This year there was no Alan Lowe but there was a friendly, very good shot-putter called Ross (his surname) who attended a school in Huddersfield (King James Grammar, Almondbury — Derek Ibbotson’s old school). Again he was tall and powerfully built. In the competition I was much more relaxed after my experiences in 1961. Ross won the competition and once again I was second. We were both invited to the All-England Schools Championships in Hull (Costello Stadium).

We met up on the Friday evening and struck up a friendship. Ross suggested we have a meal out before turning in for the night. The meal was to be my first ever Chinese food. Previously I had only had fish and chips from Joe Parrot’s fish shop in my village. They were always very good but that was hardly eating out – unless you opened the newspaper and stood outside the shop. The next day was to be quite an event.

All the best senior schoolboy shot-putters in the country were now assembled in the Costello Stadium. Apart from Ross, I did not know any of them but a quick check on statures, pre-competition behaviour patterns and practice throws enabled me to pick out the possible main contenders. In the close crowd were my father and my “former shot-putter” brother-in-law. That made it very serious.

Warm up over, then to business. The first objective was to qualify in the top 6. It was certainly not going to be easy. The top 6 were to be given an extra three attempts. Alan Carter of Gloucestershire – photo right – had won the National Intermediate title the previous year and he was in fine form. He recorded 17.82 metres or 58′ 6″. He put in the best series of throws I had ever seen. He was tall, dynamic and very strong. His Parry O’Brien technique was very good and he certainly set the standard on that day! Ross qualified with well over 50′. The three others were closer to my standard but I did qualify. I think the top 6 more or less stayed in the same positions in the “throw-off”. The three other qualifiers in the top 6 all came from the southern half of the country. That left just Ross and myself from the North. So there you have it, sixth again. Alan Carter had stamped his authority on this competition. Alan went to the same university as me and we met a few times in the gym. He kept on with the sport and eventually became a full senior international athlete. Enjoyable as it had been, I thought that was it with shot-putting, forever. How wrong I was!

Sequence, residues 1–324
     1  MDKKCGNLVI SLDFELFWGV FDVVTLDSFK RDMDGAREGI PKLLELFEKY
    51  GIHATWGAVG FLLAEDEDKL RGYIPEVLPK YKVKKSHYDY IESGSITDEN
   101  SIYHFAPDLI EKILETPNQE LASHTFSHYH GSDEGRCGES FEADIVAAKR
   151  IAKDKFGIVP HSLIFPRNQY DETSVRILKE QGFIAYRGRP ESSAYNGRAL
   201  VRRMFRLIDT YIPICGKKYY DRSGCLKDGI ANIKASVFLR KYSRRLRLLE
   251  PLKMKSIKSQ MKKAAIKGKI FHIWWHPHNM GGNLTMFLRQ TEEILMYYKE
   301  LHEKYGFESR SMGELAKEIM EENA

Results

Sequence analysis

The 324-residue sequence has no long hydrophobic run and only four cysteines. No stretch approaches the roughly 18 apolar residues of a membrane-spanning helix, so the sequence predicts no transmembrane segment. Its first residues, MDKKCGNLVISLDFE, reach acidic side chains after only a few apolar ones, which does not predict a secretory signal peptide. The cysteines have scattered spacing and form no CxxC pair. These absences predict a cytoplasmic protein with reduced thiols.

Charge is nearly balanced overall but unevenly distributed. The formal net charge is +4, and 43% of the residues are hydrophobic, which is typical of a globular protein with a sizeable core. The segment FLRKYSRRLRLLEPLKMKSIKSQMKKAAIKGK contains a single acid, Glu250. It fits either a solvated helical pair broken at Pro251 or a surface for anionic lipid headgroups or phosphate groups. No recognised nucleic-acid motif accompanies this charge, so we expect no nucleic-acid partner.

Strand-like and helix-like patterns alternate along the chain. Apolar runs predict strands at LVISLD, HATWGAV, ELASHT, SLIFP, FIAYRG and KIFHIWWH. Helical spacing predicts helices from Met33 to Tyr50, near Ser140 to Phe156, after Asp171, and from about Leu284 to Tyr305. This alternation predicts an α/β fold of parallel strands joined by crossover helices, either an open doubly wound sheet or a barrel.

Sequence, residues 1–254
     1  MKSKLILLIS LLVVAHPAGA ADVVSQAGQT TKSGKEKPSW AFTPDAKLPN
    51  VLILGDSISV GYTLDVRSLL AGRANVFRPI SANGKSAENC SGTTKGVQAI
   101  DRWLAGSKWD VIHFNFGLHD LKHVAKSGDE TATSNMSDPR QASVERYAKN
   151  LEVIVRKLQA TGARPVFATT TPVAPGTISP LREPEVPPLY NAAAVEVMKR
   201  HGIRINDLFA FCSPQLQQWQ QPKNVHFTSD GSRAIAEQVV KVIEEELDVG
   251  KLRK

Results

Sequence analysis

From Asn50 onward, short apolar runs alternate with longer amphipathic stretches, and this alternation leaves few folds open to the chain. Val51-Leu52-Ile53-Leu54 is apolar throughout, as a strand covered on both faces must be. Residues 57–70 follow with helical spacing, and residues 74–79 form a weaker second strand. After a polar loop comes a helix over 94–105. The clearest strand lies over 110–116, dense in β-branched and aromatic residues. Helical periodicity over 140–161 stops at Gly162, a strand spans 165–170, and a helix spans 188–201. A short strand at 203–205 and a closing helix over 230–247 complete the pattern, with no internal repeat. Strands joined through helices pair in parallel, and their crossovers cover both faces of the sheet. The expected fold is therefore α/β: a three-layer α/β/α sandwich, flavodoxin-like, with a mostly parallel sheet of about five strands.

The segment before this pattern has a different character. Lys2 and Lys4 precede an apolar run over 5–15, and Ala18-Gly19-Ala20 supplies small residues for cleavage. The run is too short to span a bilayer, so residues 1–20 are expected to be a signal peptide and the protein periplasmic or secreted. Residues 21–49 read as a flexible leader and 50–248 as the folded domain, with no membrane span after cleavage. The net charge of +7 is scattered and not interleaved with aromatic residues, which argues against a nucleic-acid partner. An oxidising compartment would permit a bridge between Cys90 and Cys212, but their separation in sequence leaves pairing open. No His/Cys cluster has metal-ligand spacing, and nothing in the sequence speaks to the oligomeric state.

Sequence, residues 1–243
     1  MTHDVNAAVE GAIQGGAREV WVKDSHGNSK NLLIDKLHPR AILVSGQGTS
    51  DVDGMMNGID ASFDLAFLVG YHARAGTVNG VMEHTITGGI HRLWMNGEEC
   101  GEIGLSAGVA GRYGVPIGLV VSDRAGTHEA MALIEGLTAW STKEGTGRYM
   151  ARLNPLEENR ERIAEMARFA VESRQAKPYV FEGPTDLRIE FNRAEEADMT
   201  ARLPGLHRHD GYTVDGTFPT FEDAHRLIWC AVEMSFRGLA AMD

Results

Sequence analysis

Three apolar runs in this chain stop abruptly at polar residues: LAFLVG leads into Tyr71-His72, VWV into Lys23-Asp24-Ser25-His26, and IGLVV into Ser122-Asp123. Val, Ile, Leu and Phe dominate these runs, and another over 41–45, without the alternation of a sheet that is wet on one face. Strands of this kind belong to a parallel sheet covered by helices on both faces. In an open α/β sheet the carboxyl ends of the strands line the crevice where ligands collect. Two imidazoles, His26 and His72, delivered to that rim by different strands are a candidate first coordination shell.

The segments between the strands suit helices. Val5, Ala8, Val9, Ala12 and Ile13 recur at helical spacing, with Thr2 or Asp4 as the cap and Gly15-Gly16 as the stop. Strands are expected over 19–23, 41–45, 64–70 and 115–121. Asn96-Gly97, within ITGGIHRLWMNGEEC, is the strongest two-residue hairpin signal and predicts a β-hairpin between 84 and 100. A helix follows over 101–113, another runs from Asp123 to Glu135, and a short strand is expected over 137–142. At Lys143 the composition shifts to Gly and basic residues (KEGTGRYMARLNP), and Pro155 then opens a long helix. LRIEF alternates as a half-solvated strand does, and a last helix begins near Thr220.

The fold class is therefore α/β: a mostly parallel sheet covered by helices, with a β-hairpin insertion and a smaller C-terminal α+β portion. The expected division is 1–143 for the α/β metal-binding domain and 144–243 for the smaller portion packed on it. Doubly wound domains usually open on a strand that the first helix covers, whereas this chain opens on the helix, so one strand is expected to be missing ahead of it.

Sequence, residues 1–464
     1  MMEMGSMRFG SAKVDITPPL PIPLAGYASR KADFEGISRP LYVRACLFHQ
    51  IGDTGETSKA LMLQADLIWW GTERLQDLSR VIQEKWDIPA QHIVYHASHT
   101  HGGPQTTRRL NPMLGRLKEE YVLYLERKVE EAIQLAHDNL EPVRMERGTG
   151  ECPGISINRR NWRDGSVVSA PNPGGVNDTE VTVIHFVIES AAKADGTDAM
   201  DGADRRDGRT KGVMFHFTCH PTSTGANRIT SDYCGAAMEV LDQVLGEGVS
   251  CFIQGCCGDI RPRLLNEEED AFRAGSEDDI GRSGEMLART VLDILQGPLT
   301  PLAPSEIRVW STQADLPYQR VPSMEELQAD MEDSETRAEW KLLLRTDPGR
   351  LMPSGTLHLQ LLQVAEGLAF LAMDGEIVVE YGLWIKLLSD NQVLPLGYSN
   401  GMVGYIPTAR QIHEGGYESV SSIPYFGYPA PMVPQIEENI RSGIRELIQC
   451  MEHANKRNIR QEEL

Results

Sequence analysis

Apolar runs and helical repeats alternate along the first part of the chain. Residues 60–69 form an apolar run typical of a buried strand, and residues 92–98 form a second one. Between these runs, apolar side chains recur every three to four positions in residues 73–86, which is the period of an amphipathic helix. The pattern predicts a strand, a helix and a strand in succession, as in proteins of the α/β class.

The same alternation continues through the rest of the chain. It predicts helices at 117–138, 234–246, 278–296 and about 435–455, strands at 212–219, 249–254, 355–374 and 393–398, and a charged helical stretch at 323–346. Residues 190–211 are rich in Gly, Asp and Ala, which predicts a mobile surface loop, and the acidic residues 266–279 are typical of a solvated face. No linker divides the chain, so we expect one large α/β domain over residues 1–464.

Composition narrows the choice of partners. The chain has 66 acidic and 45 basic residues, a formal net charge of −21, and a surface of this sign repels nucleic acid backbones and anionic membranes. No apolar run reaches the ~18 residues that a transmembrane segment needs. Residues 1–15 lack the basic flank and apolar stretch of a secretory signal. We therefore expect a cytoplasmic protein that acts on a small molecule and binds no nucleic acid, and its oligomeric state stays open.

There was one more event for me to participate in before the 1962 championships ended. The Yorkshire sprint relay team was depleted. It may have been because of injuries, but I never found out. It was quite a shock to discover in team training that I was to take part in a track event at such a high level. I ran the first leg and it was over in a flash. We got the baton round and did quite well but we did not qualify. Hardly surprising! However, Yorkshire won the Athletics Championships. It was obviously a very good overall team performance.

Back home, exams were over and life settled down. Then towards the end of the summer term I received “the call”. Ross and I had been selected to represent the North of England against the South. This was to be the highest level I achieved in Athletics. The South’s shot-putters were Alan Carter and the very talented Barry King. Barry had just won the National Intermediate Discus title and was to win the 1963 Senior Shot-putt title with 17.09m. Barry went on to do well in the Decathlon at the Commonwealth Games (Bronze in 1970 and Silver in 1974) and the 1972 Olympics (15th in the Decathlon).

Obviously Ross and I came third and fourth in the North v South match!